Some individuals who are victims of intimate partner abuse may feel compelled to return to their abuser because of financial dependency or control. Abusive partners may seek to exert control through technology (tracking a partner’s movements) or by controlling the family’s children, as reporters heard recently as the 2024 Domestic Violence Symposium hosted online by the Center for Health Journalism. 

“If there’s no housing to go to, you’re facing an impossible choice of: Do I stay in a home that is unsafe for me but keeps my children fed and a roof over their heads?” Krista Colón of the California Partnership to End Domestic Violence told journalists at the symposium. 

Domestic violence affects people of all races, but individuals in communities of color and religious communities may face additional barriers to leaving abusive relationships due to religious beliefs and loyalty to the family.  

Many people in these communities may also hesitate to seek help from law enforcement out of fear that their abuser will be harmed or killed.  

In one high-profile example, rapper Megan Thee Stallion said she initially lied to the police after being shot in the foot by her intimate partner, fellow rapper Tory Lanez, in 2020. Stallion later admitted said she initially lied because she was afraid that the police would respond violently if called to the scene involving Lanez, a Black man who had a gun in his car.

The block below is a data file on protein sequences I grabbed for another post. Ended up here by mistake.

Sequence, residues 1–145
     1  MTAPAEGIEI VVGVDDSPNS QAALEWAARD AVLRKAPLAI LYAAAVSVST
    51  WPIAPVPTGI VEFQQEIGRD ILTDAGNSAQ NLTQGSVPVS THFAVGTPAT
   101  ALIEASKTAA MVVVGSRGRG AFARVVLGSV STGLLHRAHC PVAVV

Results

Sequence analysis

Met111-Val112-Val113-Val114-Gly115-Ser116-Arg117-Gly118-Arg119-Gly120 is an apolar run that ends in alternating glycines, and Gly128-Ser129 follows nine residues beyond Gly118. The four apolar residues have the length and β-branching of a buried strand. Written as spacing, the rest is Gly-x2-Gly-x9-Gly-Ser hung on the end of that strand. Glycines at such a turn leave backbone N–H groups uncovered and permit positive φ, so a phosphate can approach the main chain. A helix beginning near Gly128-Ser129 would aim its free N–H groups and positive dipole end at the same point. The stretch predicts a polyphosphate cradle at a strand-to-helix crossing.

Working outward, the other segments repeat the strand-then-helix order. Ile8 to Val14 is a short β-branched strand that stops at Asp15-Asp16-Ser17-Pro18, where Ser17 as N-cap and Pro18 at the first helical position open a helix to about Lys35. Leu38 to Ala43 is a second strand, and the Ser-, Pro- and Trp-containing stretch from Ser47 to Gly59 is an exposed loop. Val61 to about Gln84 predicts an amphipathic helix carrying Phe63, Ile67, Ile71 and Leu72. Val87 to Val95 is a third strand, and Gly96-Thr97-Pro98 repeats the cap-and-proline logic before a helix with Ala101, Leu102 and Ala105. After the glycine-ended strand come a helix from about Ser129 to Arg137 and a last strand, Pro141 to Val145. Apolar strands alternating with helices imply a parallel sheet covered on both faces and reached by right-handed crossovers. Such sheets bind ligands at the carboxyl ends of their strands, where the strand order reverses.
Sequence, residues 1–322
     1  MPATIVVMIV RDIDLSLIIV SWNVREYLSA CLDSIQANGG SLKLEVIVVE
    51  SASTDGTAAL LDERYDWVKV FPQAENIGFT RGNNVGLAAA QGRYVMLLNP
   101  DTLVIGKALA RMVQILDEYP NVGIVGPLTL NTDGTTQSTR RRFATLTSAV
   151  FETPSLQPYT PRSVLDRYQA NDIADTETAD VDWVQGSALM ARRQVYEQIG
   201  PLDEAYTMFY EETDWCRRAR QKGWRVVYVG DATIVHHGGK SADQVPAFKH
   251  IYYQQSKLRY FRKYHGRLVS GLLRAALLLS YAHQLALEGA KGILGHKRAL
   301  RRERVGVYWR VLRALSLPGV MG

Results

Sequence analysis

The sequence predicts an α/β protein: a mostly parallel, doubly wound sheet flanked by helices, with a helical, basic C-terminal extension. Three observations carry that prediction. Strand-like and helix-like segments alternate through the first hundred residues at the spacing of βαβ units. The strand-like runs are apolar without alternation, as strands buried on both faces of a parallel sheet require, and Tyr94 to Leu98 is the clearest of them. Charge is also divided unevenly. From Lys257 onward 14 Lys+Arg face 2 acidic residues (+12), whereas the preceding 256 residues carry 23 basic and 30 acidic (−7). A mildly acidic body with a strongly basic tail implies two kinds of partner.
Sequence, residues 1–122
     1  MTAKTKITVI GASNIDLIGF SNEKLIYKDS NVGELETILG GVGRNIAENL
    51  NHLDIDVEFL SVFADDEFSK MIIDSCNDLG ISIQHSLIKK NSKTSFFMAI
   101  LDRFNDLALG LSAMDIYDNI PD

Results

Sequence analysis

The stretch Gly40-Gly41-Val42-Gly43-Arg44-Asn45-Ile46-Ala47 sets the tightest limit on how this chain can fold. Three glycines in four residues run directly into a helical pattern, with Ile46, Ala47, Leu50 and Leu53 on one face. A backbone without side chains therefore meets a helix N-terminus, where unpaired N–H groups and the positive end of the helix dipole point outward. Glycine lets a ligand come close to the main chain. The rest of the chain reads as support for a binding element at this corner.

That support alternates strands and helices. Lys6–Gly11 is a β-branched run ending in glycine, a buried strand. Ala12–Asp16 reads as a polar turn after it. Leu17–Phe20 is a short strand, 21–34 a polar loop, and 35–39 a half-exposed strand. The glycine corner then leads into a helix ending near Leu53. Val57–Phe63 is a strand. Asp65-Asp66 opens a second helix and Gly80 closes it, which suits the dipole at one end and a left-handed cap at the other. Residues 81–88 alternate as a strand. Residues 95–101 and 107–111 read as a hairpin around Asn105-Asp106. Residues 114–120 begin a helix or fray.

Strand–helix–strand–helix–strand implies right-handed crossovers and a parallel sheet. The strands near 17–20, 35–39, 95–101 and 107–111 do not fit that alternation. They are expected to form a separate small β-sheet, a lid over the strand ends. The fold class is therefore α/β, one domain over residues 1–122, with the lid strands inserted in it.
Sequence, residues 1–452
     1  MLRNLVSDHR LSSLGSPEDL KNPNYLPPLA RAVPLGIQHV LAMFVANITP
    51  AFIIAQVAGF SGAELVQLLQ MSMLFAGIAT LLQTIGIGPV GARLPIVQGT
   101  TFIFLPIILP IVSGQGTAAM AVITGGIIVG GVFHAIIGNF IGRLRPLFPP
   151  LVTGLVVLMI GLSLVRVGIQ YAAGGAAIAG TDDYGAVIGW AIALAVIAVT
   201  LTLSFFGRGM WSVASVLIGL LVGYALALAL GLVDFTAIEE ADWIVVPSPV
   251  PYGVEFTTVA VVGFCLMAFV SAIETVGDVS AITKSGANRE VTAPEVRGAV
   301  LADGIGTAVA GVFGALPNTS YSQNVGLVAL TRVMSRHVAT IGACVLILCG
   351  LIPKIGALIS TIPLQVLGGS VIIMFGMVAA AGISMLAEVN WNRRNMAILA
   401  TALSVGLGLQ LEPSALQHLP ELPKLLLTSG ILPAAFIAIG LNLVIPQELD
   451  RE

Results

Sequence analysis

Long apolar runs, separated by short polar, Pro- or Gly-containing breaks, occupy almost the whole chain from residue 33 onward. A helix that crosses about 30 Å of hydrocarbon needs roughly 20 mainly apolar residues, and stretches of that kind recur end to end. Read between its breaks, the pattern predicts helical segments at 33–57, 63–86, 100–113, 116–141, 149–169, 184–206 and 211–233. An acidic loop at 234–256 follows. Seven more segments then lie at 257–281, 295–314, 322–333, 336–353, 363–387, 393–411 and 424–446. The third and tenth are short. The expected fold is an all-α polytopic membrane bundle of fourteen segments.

It took my Cousin Pearl years to leave. More than a decade after the first time I saw her hit by her husband, I remember my father picking me up from Maquette University for the weekend. He took me to the hospital to her, battered and bruised. 

Her husband had almost killed her. He broke three of her ribs, pulled out plugs of her hair, and left her with two black eyes. 

I begged her to leave him. She said she would and that this time was the final straw. 

She didn’t have to leave him. He left her for another woman. 

The cycle was finally broken, but it took years of fractures and bruises for their relationship to conclude.  

Unjust blame is often directed at abuse victims due to the mistaken belief that they willingly remain in abusive relationships. It’s essential to understand that ending abuse is not solely a matter of the survivor choosing to leave; it also hinges on their ability to safely escape.